Mental Health Parity Act Provides Accessible Treatment to CT Residents

Published on July 9, 2019
Mountainside Canaan Aerial Shot

Canaan, CTMountainside treatment center celebrates new legislation signed into law by Governor Ned Lamont that will dramatically widen access to addiction and mental health services. The new law, known as the “Mental Health Parity Act,” will ensure affordable treatment and lifesaving care to individuals and families across Connecticut.

Mental health parity requires insurance companies to treat mental health conditions and substance use disorders the same as physical health issues. It aims to reduce the high costs associated with behavioral health treatment while destigmatizing addiction and co-occurring disorders, such as anxiety and depression.

The bill introduces three significant changes to current mental health care laws in Connecticut. First, it prohibits insurance companies from placing restrictions on mental health and substance use disorder benefits. Additionally, insurance companies will be mandated to provide coverage for addiction treatment services, if required by a court. The legislation also holds insurance providers accountable by requiring them to file annual reports with the state to certify their compliance.

For over 21 years, Mountainside, located in Canaan, CT, has offered addiction treatment services and education to thousands of Connecticut residents in need. The treatment center recognizes that many more individuals, however, cannot access addiction support due to insurance restrictions. According to a 2017 report from SAMHSA, nearly 18.2 million Americans needed substance use treatment but did not receive it. Of those who did not attend treatment, approximately 33 percent cited a lack of health coverage.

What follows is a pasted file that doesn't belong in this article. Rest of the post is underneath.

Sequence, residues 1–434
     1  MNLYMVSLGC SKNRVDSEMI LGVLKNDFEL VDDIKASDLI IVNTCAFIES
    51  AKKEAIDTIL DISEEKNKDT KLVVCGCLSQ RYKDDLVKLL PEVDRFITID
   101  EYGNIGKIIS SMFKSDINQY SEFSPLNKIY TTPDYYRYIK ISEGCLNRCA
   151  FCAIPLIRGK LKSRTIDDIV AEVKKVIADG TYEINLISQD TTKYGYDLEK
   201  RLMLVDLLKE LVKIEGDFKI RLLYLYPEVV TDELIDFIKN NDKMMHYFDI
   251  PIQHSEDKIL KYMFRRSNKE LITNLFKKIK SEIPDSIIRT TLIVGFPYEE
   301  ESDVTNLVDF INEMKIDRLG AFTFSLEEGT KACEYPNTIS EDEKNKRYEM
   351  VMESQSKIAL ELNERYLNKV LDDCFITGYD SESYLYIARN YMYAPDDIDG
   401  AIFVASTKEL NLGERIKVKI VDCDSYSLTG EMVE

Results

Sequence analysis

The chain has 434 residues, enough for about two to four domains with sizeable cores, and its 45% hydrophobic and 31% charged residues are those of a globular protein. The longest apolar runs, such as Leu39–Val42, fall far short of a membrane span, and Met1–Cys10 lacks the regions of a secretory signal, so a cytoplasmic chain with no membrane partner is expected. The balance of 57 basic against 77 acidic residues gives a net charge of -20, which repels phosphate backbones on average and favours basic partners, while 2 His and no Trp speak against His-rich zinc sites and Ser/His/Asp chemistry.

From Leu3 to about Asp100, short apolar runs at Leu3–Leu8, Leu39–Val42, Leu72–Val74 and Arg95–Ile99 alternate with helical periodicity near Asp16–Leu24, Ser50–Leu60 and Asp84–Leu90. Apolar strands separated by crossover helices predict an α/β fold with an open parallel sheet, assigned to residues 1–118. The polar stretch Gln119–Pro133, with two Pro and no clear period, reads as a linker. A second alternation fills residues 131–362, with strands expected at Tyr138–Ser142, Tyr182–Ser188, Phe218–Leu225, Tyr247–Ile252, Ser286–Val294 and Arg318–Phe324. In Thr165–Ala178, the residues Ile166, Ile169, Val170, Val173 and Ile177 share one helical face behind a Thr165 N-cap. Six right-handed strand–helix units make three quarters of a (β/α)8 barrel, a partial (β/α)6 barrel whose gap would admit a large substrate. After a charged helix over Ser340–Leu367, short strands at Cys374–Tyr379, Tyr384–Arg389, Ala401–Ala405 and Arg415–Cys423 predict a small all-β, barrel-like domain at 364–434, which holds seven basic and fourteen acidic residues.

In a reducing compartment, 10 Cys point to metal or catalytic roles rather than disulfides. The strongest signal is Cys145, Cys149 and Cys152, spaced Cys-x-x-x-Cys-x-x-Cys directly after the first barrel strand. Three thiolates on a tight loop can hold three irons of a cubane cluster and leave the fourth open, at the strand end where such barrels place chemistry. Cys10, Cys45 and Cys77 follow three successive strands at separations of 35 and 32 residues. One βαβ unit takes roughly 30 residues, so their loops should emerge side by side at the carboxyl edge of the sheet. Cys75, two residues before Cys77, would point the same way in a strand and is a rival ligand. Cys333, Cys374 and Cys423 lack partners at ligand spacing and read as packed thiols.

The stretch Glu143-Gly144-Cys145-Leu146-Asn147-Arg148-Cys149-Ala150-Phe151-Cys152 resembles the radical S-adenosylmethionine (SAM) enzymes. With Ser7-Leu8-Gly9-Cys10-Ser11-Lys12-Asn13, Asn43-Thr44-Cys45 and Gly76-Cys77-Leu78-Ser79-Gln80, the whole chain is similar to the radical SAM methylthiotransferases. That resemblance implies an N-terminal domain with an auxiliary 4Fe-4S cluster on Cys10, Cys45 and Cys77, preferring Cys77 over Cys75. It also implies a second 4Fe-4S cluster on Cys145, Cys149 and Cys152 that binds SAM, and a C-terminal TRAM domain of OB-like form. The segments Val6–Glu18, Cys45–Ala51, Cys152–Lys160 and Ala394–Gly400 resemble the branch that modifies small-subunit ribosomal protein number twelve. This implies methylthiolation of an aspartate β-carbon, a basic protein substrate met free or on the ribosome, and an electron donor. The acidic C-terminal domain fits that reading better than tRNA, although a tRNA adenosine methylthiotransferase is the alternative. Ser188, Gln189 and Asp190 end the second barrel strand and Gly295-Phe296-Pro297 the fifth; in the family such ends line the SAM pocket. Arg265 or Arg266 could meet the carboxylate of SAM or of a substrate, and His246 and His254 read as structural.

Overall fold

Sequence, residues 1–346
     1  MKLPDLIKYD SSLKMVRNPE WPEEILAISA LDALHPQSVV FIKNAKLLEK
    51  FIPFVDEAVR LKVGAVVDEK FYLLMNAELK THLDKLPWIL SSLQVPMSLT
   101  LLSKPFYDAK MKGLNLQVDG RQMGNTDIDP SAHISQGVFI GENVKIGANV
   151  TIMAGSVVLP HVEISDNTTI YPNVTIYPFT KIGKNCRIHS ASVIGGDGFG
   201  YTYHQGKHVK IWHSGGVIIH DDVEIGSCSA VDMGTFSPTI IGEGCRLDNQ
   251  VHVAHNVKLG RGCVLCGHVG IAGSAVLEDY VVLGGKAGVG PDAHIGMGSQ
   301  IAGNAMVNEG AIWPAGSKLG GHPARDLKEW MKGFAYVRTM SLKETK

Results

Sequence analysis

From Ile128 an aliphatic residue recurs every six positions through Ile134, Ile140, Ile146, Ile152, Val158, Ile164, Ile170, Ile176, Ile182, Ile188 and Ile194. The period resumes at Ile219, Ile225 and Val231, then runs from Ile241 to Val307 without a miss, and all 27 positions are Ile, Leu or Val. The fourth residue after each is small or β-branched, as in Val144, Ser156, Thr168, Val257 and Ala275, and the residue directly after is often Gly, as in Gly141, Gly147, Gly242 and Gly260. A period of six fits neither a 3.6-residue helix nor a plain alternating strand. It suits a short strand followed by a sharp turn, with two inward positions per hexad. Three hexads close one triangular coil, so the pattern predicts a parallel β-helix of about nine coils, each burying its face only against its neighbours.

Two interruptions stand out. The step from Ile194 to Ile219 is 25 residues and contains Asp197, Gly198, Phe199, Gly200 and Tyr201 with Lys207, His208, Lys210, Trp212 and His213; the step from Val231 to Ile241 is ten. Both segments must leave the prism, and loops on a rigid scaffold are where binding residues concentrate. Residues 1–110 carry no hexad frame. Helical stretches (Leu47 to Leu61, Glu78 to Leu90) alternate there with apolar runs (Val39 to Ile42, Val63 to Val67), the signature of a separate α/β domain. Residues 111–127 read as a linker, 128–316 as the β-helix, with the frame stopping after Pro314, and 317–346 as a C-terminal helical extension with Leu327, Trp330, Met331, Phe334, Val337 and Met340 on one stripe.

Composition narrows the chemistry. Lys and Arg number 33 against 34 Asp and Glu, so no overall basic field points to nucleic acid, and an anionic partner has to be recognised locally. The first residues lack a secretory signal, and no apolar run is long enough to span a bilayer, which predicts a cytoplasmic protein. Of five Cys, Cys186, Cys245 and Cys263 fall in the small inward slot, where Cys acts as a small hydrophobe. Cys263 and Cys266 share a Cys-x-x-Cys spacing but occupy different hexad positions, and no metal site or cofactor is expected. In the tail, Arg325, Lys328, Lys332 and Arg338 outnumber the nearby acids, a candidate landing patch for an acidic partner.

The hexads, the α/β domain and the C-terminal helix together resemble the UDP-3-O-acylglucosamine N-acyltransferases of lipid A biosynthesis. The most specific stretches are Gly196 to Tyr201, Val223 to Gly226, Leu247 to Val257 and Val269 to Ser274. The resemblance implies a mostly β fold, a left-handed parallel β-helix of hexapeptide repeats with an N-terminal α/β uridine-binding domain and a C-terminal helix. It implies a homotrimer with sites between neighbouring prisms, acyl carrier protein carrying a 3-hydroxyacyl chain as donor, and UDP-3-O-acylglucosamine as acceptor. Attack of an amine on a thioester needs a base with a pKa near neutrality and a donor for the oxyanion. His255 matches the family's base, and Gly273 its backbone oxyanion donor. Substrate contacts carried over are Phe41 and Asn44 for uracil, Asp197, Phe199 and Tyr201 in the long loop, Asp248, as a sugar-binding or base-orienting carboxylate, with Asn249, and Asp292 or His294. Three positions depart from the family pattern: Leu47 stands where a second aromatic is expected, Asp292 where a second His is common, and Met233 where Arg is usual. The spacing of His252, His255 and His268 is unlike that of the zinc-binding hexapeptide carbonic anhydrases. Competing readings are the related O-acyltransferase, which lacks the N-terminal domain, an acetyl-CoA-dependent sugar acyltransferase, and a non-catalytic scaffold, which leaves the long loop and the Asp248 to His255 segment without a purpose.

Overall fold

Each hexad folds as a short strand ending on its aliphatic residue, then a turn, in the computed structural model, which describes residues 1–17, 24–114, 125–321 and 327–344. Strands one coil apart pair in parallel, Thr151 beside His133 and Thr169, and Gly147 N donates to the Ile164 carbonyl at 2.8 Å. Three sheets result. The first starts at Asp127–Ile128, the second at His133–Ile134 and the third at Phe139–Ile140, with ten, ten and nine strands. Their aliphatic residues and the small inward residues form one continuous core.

Mountainside has long been a proponent of removing financial barriers to treatment. The trend has been especially burdensome in Connecticut, where mental health parity compliance rates have lagged behind the rest of the nation. The actuarial consulting firm Milliman found that the state’s out-of-network utilization rate for behavioral health claims was disproportionately high, reaching 34 percent, compared to just three percent for medical and surgical claims.

“We are very honored to have shared our insights on this critical issue with legislators prior to the crafting of this bill,” says Amy Sedgwick, Director of Clinical Operations at Mountainside. “As long-time advocates for mental health parity, we applaud the leadership of Governor Ned Lamont, Connecticut senators Matt Lesser, Saud Anwar, Catherine Osten, and Tony Hwang as well as all of the representatives who made this new law possible. They truly listened to the addiction treatment community, who are on the frontlines of this issue every day.”

Mountainside commends the legislators’ endeavors to reduce the stigma surrounding addiction and mental health disorders, urging other states to follow Connecticut’s example. “It’s a new dawn in Connecticut – one filled with hope for those who suffer from mental health and substance use disorders,” says Sedgwick.